The Risks and Rewards of Taking The Plunge – Part 2
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Welcome to the second installment of my serial on Taking the Plunge into self- employment. Every journey has its beginning and last time, I shared mine. In Taking the Plunge Part 1, I described the agony of earning my MBA only to see it collect dust in a never-ending series of dead-end jobs. In a move that shocked my extended family about as much as jumping into a frigid lake would a shirtless Polar Bear Plunge participant, I traded in my guaranteed paycheck and micro-managing boss for unpredictable income and absolute autonomy. Today, I continue the story with what I have found to be the risks and rewards of self-employment.
Taking the Plunge Has its Rewards
When we decided to take the plunge, we were simply looking at the numbers. We saw that our income was unlimited. Add unlimited income to increased tax saving opportunities, and being able to put more towards retirement, and it was a no brainer for us. What became clear soon after was that we have the chance to do what we love, and be our own bosses. We can work when we want and work on things we want to. Working in the advertising industry can be rewarding as it’s constantly changing and we get to help clients from small non-profits to Fortune 500 companies shape their marketing voice and do it from the ground up. We write website content, direct mail letters, print, radio and TV ads, marketing materials and much more for small businesses, nonprofits and even a handful of national brands. We get to arrange our schedule as we see fit and work when we want to and not when we’re told we have to. At the end of the day I put in more hours to my “job” now than I used to, but I feel motivated, rewarded, and even invigorated because I can see the result of our hard work as opposed to just bringing in another buck or two to some massive corporation.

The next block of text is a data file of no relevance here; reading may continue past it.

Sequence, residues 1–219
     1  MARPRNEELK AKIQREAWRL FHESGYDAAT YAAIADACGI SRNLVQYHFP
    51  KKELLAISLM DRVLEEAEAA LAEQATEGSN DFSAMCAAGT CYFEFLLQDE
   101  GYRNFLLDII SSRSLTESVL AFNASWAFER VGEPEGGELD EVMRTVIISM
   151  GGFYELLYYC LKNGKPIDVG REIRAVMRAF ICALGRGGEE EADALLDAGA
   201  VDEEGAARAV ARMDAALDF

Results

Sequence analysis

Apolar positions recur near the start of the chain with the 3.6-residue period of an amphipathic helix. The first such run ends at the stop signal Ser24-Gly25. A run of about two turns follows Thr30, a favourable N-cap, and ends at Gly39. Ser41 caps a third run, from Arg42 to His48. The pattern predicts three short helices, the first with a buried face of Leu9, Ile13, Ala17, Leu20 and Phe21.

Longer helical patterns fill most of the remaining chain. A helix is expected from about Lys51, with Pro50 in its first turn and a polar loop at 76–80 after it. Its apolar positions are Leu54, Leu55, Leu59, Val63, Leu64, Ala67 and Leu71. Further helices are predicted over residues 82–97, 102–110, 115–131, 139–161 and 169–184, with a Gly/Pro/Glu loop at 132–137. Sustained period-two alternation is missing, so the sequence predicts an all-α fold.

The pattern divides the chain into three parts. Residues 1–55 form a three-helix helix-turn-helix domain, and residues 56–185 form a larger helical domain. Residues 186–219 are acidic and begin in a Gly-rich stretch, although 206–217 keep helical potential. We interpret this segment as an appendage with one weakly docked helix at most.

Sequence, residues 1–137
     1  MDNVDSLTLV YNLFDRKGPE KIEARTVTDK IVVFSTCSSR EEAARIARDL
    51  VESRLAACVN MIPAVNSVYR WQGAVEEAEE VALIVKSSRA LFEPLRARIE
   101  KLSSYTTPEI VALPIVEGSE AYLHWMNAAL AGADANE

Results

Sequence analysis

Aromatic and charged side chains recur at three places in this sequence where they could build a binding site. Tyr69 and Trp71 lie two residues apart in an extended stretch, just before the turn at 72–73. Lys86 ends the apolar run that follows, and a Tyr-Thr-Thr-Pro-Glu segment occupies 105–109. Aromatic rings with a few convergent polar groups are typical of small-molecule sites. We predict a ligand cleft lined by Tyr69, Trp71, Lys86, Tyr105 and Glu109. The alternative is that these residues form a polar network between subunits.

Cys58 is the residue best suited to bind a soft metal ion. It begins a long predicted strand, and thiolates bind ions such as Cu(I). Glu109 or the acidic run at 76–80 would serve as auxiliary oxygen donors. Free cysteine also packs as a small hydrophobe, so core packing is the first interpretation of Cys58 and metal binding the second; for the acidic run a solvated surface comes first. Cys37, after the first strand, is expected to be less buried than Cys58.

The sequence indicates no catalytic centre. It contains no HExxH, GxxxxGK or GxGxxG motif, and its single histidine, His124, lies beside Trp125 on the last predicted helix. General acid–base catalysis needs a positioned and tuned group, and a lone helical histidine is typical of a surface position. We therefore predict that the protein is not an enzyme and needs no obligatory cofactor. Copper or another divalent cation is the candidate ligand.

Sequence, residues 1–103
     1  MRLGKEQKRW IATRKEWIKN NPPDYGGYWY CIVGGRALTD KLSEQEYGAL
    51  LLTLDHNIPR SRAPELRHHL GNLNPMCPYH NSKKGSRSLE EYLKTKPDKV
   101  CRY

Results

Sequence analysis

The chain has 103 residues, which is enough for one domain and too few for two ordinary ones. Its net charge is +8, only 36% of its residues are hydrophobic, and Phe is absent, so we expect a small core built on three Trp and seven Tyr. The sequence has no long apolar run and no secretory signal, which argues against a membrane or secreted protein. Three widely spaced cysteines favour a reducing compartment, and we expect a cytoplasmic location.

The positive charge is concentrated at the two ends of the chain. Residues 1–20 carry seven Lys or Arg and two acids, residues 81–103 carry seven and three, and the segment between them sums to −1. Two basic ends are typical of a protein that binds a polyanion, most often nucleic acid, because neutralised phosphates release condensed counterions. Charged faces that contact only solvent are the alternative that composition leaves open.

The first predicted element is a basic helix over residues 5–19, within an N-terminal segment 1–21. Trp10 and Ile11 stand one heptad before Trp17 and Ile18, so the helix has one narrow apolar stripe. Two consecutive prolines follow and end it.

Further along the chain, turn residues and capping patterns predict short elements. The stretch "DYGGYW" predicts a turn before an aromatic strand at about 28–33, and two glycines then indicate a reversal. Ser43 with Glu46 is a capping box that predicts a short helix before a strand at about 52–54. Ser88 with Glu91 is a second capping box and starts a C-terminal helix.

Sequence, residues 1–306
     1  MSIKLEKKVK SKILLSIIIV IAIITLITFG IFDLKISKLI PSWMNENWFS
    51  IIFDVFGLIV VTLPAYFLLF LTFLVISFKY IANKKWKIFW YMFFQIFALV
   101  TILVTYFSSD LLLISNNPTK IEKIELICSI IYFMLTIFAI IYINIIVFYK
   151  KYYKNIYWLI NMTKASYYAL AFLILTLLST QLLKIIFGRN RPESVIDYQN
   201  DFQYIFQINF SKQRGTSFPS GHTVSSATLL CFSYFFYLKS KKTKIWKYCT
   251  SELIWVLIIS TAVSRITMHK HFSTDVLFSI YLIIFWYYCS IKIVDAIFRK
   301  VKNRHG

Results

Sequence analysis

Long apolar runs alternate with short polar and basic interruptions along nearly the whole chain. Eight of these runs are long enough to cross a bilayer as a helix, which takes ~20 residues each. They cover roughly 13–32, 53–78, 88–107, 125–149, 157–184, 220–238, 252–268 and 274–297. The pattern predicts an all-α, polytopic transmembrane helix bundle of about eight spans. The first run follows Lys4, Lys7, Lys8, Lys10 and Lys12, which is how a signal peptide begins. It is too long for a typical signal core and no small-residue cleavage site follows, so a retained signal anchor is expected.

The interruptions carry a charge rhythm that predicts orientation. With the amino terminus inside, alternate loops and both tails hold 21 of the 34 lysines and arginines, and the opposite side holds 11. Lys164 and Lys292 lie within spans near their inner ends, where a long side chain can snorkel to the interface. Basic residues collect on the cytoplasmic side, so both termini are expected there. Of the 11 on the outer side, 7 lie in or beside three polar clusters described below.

…And its Challenges
The slimy underbelly of taking the plunge and working for yourself is that it’s all and I mean ALL up to you. You can have a month where you’re killing it with business and bringing in all sorts of cash to be followed by a month where the only thing you hear is crickets. I’ll be honest, that can be tough both emotionally and financially. This is where budgeting becomes even more important and being committed to living frugally. I know some personal finance bloggers might get rankled at this part, but when we took the plunge we made sure that our financial house was in order and had a substantial sum set aside. Remember how I mentioned you don’t have a boss sitting around telling you what to do? Well that lack of framework can show up and can be nasty to deal with. We’re our own HR department and if we want to grow professionally it’s all up to us. Workflow can be unpredictable and always seems to get dumped right before a vacation or a holiday. So, self-employment it’s not all champagne and caviar. The best advice I have is this – if you decide that taking the plunge is for you, go into it with your eyes wide open.
I am not an expert by any means, but since taking the plunge I’ve learned many things which I’ll continue to share in upcoming posts. Have you taken the plunge into self-employment? If you’re a blogger, do you have dreams of growing your blog into a full-time business? If you’ve been thinking about taking the plunge but haven’t yet, what’s holding you back?
This is an installment in an ongoing series about the ins and outs of being self-employed. Keep your eyes open for future posts on this topic in the coming year.
Photo courtesy of: Tim Barrett
John is the founder of Frugal Rules, a dad, husband and veteran of the financial services industry whose writing has been featured in Forbes, CNBC, Yahoo Finance and more.
Passionate about helping people learn from his mistakes, John shares financial tools and tips to help you enjoy the freedom that comes from living frugally. One of his favorite tools is Personal Capital , which he used to plan for retirement and keep track of his finances in less than 15 minutes each month.
Another one of John's passions is helping people save $80 per month by axing their expensive cable subscriptions and replacing them with more affordable ones, like Hulu with Live TV.
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